With that said, and because this next few weeks are looking uglier and uglier, allow me to put forward the following cocktail to help you through election day. I call it, the William & Mary cocktail:

1/2 ounce Amontillado sherry
1 once rye whiskey
1 and 1/2 ounces spiced apple cider (I use the Trader Joe's Spiced Apple Cider)

Add all the ingredients, shake, and pour over ice. If you want to get fancy (and with election, that is not necessarily advised), you can garnish with an orange peel, a cinnamon stick, or apple slice. Serve over ice.

Friday, March 4, 2016

Thoughts on the 2016 GOP Nomination Race

In my last post, I wrote about the Democratic Primary for President, and now I will focus on the Republicans. Where there was once 17 candidates for President, there are now four - Donald Trump, Ted Cruz, Marco Rubio, and John Kasich. Weirdly enough, from my perspective, the leaders of the primary are Donald Trump and Ted Cruz. John Kasich, who is both extremely conservative, but presents himself moderately (and thus, terrifying to Democrats) is way, way behind.

For the past twenty years or so, Democrats have largely thrown around pejoratives towards Republican candidates like fascist, racist, xenophobe, ill-tempered, warmonger, etc. But with that said, it is actually strange to see a candidate actually be all of those things explicitly. Donald Trump is all of those things and more. He advocates committing warcrimes, building a wall around the Southern border (a bigger one than the one currently in place, I guess), requiring all Muslims to be registered by the federal government and/or expelling them, passing a huge tax cut for the wealthy, and eliminating Obamacare. In response, both Marco Rubio and Ted Cruz argue that Trump doesn't actually mean what he says, that they are the ones who will actually commit the warcrimes, etc., and that Trump has small hands. Or something.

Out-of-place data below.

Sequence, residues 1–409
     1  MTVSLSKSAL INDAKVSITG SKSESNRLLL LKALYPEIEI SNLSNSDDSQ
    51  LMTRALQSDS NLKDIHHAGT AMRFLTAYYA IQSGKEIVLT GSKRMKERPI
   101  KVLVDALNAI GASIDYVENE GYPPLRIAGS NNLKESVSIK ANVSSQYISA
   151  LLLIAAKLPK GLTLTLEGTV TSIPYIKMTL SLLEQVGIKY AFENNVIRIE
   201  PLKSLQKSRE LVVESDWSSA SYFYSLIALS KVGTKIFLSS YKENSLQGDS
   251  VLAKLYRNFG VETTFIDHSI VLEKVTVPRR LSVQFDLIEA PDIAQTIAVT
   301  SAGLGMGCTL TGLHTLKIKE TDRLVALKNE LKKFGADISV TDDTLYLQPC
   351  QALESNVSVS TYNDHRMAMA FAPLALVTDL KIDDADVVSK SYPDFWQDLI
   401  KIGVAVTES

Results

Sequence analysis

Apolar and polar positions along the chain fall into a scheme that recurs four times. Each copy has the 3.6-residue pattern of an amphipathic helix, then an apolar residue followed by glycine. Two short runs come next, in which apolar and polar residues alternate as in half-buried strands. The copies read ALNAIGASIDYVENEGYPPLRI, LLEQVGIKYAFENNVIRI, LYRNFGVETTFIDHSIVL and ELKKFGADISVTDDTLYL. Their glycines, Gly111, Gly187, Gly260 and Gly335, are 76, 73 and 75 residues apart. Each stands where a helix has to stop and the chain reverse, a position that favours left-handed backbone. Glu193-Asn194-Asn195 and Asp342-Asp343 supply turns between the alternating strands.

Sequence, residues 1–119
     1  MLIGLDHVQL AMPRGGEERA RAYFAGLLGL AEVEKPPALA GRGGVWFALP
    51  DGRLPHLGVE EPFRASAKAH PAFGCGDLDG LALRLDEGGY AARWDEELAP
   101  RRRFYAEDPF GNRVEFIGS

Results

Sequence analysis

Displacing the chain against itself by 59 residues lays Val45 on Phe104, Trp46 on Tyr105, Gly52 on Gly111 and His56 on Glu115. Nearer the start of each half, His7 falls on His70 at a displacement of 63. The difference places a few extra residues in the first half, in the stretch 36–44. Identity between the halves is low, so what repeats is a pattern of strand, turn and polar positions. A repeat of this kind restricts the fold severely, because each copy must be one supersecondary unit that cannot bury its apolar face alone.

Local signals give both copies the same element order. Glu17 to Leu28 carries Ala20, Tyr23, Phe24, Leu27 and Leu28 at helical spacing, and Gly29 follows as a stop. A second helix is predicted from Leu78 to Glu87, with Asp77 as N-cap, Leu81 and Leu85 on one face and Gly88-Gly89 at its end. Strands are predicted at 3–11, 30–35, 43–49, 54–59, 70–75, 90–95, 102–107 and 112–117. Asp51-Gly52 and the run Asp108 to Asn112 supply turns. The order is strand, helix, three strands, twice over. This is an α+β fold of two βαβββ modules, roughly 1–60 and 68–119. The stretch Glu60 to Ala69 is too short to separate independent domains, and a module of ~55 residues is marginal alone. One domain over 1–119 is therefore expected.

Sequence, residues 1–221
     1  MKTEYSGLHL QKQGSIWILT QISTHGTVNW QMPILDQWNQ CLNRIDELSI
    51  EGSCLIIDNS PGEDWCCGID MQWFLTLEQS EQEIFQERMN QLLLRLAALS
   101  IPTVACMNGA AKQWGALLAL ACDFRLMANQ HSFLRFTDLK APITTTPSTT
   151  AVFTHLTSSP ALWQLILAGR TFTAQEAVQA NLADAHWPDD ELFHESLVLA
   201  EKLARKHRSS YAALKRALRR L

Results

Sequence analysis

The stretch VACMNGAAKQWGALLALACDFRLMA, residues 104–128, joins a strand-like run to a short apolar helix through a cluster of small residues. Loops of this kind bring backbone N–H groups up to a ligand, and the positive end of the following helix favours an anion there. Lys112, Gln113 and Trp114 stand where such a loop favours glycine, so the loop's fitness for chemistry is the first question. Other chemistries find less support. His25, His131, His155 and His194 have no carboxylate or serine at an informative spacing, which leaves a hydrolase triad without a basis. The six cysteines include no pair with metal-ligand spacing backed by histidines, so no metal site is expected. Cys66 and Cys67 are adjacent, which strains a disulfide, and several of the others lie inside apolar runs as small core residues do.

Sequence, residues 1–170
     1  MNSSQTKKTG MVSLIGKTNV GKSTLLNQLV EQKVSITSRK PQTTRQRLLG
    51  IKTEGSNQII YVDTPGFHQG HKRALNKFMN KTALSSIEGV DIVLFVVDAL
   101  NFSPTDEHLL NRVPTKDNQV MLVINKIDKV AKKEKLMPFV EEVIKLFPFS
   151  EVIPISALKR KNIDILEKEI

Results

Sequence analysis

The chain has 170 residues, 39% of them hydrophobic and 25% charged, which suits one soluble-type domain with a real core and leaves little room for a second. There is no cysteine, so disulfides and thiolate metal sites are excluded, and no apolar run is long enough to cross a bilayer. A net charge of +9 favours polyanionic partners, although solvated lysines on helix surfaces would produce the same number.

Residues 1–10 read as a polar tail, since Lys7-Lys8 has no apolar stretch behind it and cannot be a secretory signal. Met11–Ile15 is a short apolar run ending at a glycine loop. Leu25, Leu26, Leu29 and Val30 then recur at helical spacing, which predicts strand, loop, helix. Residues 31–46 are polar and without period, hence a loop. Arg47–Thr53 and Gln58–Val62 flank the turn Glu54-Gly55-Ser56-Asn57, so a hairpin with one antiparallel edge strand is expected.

This last part is key - they don't attack Trump for any of his proposals, because they agree with them - but rather, they argue that Trump is lying about supporting such an agenda. Given that Trump decided to enter the stage because he's a birther, and that minority voters are violently expelled from Trump's rallies, I would say that a good portion of what he says, he believes. Still, it is weird to have a candidate for President explicitly talk about his penis on a debate stage. It's also weird that both Cruz and Rubio can call Trump a con artist, but will back him if he's the nominee.

Okay, its not all that weird. For the past 8 years, the Republican Party has played up the insanity factor. From Louie Gohmert to Michelle Bachmann to Steve King, to Mike Lee, there have been a fair number of Republican officeholders who have espoused crazed conspiracy theories. In fact, the sole reason Mitt Romney wanted Trump's endorsement in 2012 was due to Trump's support of birtherism - the belief that Obama wasn't born in the U.S.  And this is a GOP that mostly believes Obama is a secret Muslim, that he was born outside of the U.S., that he is trying to tear the country apart on racial grounds (not sure how), that Obamacare is unconstitutional and evil (ironic, since its the Heritage Foundation's plan), etc.  The page for Obama is filled with all sorts of craziness by the Right. Is it any wonder that the guy who espouses all the craziness is the frontrunner? Or that the guy in 2nd hits the frontrunner as someone who doesn't believe the craziness he espouses?